X is a short entry

We have just three days left of our alphabet journey to 2016.

A few days ago, we looked at U and discovered that there were no fewer than fourteen pages in the OED dedicated just to the Un words.

Well, X only has two pages – in total!  And we can trace most of those X words back to Greek derivation, which makes sense when you look at the history of the letter itself.  It seems that X came to us via Classical Greek and Etruscan.

Of course, we also know that the Romans used X in their system of numbers, where it stood (and stands) for ten.  Interestingly, the modern Italian alphabet does not use X at all.

Let’s just look at a few unusual X words and their meanings…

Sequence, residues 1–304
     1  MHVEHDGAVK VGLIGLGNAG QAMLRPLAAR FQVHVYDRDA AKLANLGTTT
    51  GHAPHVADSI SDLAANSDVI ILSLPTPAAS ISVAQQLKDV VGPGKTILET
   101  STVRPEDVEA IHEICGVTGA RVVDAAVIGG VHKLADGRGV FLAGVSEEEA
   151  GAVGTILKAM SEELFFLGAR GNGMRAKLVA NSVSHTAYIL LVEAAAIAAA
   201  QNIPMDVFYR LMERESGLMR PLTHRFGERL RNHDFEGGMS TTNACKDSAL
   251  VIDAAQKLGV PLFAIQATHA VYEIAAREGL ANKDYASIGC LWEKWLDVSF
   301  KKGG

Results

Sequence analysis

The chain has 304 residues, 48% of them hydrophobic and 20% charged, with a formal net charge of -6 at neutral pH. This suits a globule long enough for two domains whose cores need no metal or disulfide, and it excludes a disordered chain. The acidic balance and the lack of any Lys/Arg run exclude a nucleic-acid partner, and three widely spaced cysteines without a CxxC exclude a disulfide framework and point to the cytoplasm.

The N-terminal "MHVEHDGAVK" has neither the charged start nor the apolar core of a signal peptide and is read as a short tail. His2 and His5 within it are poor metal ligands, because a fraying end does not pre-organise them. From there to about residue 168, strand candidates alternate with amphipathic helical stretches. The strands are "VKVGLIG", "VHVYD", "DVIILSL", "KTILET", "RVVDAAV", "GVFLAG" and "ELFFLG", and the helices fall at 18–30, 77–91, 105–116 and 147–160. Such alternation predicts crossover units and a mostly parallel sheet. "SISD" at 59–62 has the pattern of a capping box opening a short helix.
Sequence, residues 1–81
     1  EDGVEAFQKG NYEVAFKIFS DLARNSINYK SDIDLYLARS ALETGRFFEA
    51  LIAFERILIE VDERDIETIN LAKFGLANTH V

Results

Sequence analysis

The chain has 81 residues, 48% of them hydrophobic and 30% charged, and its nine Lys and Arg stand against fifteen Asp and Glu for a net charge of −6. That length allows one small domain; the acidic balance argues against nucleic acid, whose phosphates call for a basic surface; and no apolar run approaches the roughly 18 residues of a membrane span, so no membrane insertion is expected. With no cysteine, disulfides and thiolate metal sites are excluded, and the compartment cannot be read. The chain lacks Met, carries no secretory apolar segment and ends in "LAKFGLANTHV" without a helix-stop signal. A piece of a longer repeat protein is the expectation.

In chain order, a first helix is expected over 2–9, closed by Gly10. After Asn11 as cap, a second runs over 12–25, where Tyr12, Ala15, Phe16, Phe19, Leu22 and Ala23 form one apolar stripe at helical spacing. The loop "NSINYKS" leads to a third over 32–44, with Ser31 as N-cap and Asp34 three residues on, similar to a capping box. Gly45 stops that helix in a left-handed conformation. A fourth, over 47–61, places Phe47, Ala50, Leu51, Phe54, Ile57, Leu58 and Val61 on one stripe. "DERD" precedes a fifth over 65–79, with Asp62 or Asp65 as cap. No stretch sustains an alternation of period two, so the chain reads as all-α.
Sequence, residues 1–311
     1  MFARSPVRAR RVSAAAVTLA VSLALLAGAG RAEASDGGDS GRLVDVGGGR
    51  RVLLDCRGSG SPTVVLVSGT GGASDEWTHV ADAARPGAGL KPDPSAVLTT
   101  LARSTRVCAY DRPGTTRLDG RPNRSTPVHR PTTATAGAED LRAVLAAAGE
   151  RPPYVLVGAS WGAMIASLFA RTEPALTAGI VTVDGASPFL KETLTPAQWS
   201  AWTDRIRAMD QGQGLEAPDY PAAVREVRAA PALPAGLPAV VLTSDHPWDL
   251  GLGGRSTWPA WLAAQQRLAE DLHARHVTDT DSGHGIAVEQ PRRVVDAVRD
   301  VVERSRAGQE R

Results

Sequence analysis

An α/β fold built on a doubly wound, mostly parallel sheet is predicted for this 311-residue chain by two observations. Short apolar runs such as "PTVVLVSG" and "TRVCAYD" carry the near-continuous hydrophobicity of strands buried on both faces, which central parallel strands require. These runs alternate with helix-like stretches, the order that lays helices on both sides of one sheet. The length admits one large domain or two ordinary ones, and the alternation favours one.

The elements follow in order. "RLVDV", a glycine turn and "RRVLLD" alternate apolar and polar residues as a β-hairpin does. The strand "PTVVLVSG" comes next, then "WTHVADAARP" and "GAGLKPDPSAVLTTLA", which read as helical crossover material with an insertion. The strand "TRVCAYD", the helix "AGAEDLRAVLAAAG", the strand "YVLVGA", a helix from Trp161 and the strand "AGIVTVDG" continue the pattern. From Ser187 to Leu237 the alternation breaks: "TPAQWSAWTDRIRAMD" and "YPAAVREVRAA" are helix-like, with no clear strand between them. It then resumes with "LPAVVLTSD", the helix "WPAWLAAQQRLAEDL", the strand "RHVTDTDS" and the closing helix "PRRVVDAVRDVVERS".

• xanthic – yellowish
  • xebec – a small three-masted Mediterranean sailing ship
  • xiphoid – sword shaped
  • xoanon – a primitive wooden image of a diety
  • xystus – a long portico used by athletes for exercise

OK – now I challenge you to use one or more of these words the next time you write!

2 Comments

  1. And of course, let’s not forget the use of X to denote a kiss…. is it the most used salutation at the end of texts today? And in cards and letters in the past?

    • I only discovered recently that the X that we use for kisses in our letters and messages means nothing to our Italian friends. In fact, one of my Italian friends thought it was something to so with the number ten (which, of course, is the Roman numeral X)! I think in this country that it stems from the times when many people couldn’t read or write and used X as their signature. But perhaps someone else knows more about its origins?

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